After returning home, many students miss their lives abroad. Rotex helps keep the international connections going.
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Riikka Muje had a fantastic time when she lived in Brittany, France, in 2011-12 as a Rotary Youth Exchange student. “At the beginning it was hard,” she recalls. “I didn’t speak the language. I didn’t know anyone. But then it’s amazing how you can form a life in another place.”

After her exchange, adjusting back to life in her hometown of Rovaniemi, Finland, was just as hard — until she joined a Rotex alumni association, Rotex for short. Rotex alumni associations are groups of Rotary Youth Exchange alumni who act as intermediaries between Rotarians and Youth Exchange students. They provide mentoring and organize events with exchange students in their home country as a way to give back and keep their international connections alive.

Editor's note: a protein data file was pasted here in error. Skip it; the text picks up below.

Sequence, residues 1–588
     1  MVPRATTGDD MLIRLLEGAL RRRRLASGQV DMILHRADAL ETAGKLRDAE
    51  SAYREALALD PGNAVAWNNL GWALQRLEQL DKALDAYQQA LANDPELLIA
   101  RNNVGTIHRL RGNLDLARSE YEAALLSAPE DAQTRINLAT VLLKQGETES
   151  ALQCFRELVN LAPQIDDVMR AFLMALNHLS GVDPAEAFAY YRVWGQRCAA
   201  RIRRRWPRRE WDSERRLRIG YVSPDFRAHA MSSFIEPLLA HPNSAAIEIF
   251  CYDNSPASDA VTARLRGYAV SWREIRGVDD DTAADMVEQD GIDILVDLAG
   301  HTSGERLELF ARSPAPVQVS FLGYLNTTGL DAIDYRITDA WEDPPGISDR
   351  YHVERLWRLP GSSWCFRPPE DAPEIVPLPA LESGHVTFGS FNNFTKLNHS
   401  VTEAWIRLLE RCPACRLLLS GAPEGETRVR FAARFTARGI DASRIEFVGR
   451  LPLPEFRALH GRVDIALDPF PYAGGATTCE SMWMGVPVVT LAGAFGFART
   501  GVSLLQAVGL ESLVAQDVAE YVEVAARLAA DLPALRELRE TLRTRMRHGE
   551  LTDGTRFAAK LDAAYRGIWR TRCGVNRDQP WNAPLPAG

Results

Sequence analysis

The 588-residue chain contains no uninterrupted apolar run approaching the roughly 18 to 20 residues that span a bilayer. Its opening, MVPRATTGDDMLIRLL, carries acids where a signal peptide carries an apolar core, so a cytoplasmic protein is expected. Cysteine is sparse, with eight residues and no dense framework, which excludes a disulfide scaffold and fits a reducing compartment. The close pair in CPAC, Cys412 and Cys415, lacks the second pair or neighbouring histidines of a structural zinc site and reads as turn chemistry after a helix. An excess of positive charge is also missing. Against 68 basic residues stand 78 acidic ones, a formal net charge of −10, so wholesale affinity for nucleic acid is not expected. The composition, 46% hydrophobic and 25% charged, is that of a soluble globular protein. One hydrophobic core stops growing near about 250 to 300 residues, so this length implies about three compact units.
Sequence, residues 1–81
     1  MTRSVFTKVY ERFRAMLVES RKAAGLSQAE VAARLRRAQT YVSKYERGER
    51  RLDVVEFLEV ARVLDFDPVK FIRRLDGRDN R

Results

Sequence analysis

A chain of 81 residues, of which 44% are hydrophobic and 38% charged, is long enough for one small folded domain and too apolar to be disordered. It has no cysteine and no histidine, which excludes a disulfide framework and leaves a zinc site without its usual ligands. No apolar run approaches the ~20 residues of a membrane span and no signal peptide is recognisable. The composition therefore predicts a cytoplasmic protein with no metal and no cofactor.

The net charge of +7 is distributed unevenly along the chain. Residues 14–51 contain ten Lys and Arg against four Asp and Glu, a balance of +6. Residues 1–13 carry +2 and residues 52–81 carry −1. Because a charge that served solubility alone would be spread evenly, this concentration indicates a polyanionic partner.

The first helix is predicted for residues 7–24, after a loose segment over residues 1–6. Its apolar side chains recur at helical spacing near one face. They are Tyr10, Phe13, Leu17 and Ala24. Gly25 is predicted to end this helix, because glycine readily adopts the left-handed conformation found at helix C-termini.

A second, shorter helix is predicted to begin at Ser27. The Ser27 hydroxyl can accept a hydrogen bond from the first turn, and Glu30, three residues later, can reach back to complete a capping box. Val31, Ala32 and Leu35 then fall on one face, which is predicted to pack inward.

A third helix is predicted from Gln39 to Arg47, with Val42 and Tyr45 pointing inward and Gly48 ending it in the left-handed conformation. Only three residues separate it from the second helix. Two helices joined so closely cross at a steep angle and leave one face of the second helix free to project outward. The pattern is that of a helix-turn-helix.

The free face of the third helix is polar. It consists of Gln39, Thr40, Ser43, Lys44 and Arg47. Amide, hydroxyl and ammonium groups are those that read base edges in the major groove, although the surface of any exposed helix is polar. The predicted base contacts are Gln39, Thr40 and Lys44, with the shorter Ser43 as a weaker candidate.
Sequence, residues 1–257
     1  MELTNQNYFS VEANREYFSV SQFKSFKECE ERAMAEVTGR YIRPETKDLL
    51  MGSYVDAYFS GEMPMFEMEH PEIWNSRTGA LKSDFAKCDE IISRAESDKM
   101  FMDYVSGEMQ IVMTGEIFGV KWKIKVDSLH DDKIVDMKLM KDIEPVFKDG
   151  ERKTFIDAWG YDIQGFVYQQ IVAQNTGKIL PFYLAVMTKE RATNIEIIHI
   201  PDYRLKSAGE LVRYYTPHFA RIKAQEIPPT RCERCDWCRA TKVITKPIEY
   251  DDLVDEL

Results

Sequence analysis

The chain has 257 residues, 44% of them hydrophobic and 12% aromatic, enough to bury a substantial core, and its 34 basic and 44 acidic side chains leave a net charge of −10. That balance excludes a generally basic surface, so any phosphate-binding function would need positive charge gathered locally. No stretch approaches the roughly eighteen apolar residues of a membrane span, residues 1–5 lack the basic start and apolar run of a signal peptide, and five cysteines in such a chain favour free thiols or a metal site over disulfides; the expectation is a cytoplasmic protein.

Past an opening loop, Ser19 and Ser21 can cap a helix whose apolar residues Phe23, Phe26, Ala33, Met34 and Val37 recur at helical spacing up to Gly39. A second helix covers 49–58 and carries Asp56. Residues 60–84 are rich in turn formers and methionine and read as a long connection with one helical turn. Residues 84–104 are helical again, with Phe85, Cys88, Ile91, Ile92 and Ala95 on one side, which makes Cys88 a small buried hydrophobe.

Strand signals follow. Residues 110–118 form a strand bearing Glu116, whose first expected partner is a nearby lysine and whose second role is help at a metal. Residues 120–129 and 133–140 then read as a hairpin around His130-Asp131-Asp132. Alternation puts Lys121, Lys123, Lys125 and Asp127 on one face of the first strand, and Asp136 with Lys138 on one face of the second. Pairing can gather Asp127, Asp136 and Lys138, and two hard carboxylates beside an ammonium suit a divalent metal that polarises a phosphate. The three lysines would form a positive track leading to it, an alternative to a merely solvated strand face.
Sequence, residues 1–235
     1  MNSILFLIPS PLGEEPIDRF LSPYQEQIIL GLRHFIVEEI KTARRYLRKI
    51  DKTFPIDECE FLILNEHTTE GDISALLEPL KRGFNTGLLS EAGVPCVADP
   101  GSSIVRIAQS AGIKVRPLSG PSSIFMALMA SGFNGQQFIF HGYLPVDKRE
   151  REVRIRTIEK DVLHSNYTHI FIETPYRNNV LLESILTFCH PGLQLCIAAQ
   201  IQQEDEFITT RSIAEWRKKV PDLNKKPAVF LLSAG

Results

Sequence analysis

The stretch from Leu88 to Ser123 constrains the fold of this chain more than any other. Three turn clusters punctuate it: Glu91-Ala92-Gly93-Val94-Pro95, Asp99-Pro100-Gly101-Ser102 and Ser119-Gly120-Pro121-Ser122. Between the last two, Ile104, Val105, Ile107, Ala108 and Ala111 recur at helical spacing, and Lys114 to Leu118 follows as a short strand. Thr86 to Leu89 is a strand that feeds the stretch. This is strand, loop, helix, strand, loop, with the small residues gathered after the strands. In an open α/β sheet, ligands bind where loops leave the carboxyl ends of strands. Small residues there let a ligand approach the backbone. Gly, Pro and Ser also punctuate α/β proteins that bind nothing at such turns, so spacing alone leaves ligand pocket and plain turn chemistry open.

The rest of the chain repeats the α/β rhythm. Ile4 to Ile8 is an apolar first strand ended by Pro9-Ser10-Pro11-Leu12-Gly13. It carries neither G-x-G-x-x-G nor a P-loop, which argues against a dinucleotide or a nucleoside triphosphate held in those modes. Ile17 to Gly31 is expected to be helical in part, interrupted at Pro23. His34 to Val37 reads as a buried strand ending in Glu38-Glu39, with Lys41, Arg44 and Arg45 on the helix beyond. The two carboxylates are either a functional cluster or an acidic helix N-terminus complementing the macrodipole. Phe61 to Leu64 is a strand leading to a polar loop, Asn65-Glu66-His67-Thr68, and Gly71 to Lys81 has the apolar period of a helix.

Now Muje is a fifth-year medical student at the University of Turku and president of Rotex Finland, which has more than 80 members across the country’s five districts.

Are Rotex clubs everywhere?

It depends on the area. In Germany, Taiwan, Brazil, and Finland, for example, Rotex is well established. There are other places where it is just getting started. And there are some countries where Rotex alumni associations have yet to be founded or chartered with Rotary International.

Rotex alumni associations have organized four international conventions in different host cities. We founded Rotex International four years ago to spread awareness about Rotex. We have five board members from different countries. And last year, Rotex International was chartered as a Rotary alumni association, which gave us official standing in the Rotary family.

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• This story originally appeared in the October 2020 issue of Rotary magazine.